Poe wants more solar, wind power for country
Presidential race frontrunner Sen. Grace Poe wants cleaner sources of energy in the country to power up the homes of some 15 million Filipinos, particularly in remote areas, who still have no access to electricity.
Poesaid she would push for the development of more solar and wind power sources, if she wins, as these were more sustainable and environment-friendly.
“Ang kailangan natin ay renewable sources of energy. Dagdagan natin yung wind power, yung mga windmills, yung mga solar panels, yung mga hydro-electric energy producers. Lahat ‘yan dapat mag-invest po tayo para naman pagdating ng pagkakataon ay mas maging malinis ang ating energy sources at mas mura,” Poe said.
The Philippines has one of the highest electricity rates in Asia. According to the Philippine Statistics Authority, electricity accounted for 4.5 percent of a Filipino household’s expenditures in 2012.
The Manila Electric Company (MERALCO), the largest electric distributor in the Philippines, charges P7.4176 per kilowatt-hour as of December 2015.
To increase renewable energy share in the market, Poe said the government needs to encourage more private investments in the energy sector, especially as the country’s energy requirement increases with its population.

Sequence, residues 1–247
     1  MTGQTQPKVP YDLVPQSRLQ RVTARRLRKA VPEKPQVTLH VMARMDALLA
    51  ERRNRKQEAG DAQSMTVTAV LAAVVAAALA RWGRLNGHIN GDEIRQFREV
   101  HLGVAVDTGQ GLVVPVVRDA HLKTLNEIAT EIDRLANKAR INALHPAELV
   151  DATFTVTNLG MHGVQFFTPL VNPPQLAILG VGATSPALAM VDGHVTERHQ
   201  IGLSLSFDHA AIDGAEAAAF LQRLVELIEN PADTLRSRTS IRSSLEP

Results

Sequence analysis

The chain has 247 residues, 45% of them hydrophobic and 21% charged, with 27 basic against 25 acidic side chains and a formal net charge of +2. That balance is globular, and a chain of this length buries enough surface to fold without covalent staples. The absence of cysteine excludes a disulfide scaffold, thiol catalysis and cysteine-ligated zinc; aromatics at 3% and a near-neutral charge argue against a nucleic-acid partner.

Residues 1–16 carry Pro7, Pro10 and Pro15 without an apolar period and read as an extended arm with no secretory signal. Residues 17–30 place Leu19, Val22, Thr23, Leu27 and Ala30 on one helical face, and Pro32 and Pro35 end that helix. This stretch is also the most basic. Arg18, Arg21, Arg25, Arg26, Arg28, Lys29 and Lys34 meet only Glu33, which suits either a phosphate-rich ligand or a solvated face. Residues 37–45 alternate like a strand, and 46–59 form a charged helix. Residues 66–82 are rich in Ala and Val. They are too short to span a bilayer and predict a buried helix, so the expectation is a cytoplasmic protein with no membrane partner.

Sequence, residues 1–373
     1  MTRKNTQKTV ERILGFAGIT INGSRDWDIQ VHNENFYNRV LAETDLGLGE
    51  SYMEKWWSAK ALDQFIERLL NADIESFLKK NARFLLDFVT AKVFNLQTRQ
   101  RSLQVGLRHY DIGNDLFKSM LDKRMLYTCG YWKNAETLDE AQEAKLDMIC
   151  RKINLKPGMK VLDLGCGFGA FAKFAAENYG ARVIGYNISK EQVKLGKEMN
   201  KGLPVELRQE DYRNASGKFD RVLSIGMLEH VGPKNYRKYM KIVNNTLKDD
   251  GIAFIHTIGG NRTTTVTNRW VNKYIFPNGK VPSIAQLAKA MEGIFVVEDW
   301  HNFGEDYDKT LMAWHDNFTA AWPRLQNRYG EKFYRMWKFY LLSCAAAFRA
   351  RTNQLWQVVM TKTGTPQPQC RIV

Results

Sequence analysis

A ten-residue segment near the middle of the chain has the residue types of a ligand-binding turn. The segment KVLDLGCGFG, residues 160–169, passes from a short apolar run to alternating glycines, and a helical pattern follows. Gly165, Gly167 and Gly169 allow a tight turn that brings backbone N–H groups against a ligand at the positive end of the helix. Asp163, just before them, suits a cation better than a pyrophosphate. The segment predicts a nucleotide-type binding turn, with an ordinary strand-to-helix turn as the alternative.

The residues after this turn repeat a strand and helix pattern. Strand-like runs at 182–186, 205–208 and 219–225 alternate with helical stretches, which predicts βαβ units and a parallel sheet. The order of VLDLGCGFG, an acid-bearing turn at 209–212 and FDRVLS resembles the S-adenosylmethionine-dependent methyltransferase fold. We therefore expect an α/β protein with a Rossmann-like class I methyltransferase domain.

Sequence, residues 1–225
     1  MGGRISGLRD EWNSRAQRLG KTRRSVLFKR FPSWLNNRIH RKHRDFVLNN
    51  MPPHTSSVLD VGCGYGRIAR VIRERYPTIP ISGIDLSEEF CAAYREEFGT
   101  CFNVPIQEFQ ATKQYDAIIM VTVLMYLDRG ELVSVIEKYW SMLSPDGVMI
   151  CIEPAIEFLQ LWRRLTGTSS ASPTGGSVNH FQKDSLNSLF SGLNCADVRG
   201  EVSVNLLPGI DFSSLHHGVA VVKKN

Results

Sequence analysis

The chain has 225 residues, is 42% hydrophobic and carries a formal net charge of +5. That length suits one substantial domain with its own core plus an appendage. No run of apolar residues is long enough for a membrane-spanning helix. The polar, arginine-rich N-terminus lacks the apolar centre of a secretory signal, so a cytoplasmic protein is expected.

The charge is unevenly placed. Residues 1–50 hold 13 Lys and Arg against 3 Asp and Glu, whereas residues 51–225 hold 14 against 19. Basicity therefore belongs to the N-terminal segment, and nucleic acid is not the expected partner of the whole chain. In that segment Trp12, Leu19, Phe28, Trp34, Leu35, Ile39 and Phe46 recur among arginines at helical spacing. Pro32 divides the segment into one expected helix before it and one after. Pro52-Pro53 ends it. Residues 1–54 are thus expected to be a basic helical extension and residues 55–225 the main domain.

As per Department of Energy estimates, the Philippines will need an additional 11,400 megawatts (MW) of generating capacity to meet the energy demand from 2016 to 2030. The additional requirement is distributed as follows: 8,100 MW in Luzon; 1,700 MW in Visayas; and 1,600 MW in Mindanao.
When she announced her presidential bid in September last year, Poe mentioned renewable energy development in her 20-point government agenda, if she wins.
“Siguraduhin po natin na magiging sapat ang kuryente para sa lumalagong ekonomiya. Paunlarin natin kasabay nito ang renewable energy,” Poe had said in her proclamation speech.
Poe, who will visit Abra on Thursday, called on the government to implement the mechanisms of the Renewable Energy Act of 2008. These include the establishment of the Renewable Energy Market, which will mandate power distributors to source a portion of their energy from renewable energy suppliers.
She said the lack of a market for renewables are hindering the development of cleaner power, which has a high upfront cost for development.
To set an example, the senator said the government can study the possibility of installing solar panels in government buildings, which would be cheaper and more sustainable in the long term.
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